Gorgeous Green 'San Diego Fireball' Lights Up Western Sky (Video)

San Diego Fireball Photobombs Video Chat
The "San Diego Fireball" photobombed Faye Heddings’ video chat on the night of April 10, 2017. (Image credit: Faye Heddings)

A bright fireball blazed up Monday night (April 10) over the southwestern United States, dazzling observers in Nevada, Arizona and Southern California.

The meteor was spotted at about 9:00 p.m. PDT (10:00 p.m. MDT; midnight EDT and 0400 GMT on Tuesday, April 11). Videos of the event show a bright green streak that flares up three or four separate times before fading into the darkness.

One of these videos is a live stream recorded by Faye Heddings in East Lake, near San Diego. The meteor flashes overhead behind her, in a memorable fireball photobomb.

"Did you guys see that?" Heddings says in the video, her eyes wide. "Did you guys see that?"

"The preliminary estimated trajectory plotted from the witness reports shows the meteor was traveling from the east to west and ended its visible flight on the Pacific Ocean somewhere over the San Diego Trough," wrote representatives with the American Meteor Society (AMS), which had received more than 400 reports of the "San Diego Fireball" as of Tuesday afternoon.

Map showing the location of observers who reported seeing the "San Diego Fireball" on April 10, 2017. (Image credit: American Meteor Society)

Just seven people have reported hearing a noise associated with the meteor so far, AMS representatives added. (Such meteor sounds have long puzzled scientists. But a recent study suggests that they're likely caused by bright pulses of fireball light, which heat up hair, fabric and other material near observers' ears, generating pressure waves that manifest as sound.)

About 100 tons of space material falls into Earth's atmosphere every day. Most of this stuff is dust, and it burns up without leaving a noticeable trace. But some incoming space rocks are big enough to make a visible trail — and some of these blaze up brighter than Venus, meeting the technical definition of "fireball."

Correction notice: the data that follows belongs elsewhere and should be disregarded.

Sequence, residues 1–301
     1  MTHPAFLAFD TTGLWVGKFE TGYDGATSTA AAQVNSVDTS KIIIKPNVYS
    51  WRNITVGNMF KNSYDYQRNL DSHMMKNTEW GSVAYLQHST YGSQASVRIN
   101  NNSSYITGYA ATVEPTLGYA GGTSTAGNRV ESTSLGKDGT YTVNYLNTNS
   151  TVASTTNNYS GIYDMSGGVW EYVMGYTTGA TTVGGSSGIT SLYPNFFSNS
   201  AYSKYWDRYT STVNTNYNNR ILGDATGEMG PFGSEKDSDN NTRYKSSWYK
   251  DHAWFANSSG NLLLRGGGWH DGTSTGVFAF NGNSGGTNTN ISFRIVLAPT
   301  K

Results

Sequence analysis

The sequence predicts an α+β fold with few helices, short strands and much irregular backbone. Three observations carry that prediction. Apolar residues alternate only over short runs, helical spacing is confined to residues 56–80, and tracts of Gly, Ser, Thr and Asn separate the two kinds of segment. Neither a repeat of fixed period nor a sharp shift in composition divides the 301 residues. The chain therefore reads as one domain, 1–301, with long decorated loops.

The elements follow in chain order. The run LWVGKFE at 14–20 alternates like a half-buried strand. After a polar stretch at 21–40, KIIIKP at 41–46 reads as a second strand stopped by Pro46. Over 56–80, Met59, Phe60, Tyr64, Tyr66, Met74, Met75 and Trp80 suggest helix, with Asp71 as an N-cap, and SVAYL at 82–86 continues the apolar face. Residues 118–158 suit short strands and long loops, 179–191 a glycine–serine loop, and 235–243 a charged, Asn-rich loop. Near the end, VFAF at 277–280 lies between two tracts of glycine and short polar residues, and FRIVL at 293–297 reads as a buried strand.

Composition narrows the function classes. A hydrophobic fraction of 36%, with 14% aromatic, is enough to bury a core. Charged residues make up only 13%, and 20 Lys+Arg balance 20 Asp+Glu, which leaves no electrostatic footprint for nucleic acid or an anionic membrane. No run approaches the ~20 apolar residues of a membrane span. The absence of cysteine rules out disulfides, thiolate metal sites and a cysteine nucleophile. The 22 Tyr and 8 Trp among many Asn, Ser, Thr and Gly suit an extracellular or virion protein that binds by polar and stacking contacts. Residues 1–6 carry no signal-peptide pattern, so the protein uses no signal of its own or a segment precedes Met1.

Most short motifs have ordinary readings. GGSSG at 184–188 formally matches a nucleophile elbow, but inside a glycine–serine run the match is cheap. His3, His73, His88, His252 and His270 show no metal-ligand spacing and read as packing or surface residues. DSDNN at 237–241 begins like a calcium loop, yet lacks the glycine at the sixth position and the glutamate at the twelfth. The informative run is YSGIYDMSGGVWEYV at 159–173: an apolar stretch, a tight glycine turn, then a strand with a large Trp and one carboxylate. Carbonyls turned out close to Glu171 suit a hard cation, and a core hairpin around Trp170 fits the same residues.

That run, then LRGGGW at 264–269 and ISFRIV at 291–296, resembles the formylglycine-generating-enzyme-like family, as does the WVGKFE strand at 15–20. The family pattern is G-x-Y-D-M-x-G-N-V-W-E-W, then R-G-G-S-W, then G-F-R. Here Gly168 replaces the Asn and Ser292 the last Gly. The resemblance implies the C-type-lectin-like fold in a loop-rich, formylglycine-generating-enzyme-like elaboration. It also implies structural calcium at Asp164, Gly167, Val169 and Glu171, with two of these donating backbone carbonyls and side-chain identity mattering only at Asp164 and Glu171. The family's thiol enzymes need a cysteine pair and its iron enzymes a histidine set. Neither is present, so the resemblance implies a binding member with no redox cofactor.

Such events aren't terribly uncommon. A spectacular fireball wowed observers in the Milwaukee area in February, for example, and a handful of other such events made news in 2016. And sometimes humanity sets the stage for the skywatching show: One of last year's brightest fireballs was caused by a 6-ton Chinese rocket stage that fell back to Earth on July 27.  

Here are some videos of Monday's San Diego Fireball that observers posted on YouTube:

Editor's note: If you capture an amazing image of a fireball or any other night-sky view that you'd like to share, you can send it to managing editor Tariq Malik at spacephotos@space.com.

Follow Mike Wall on Twitter @michaeldwall and Google+. Follow us @Spacedotcom, Facebook or Google+. Originally published on Space.com.

Join our Space Forums to keep talking space on the latest missions, night sky and more! And if you have a news tip, correction or comment, let us know at: community@space.com.

Mike Wall
Senior Space Writer

Michael Wall is a Senior Space Writer with Space.com and joined the team in 2010. He primarily covers exoplanets, spaceflight and military space, but has been known to dabble in the space art beat. His book about the search for alien life, "Out There," was published on Nov. 13, 2018. Before becoming a science writer, Michael worked as a herpetologist and wildlife biologist. He has a Ph.D. in evolutionary biology from the University of Sydney, Australia, a bachelor's degree from the University of Arizona, and a graduate certificate in science writing from the University of California, Santa Cruz. To find out what his latest project is, you can follow Michael on Twitter.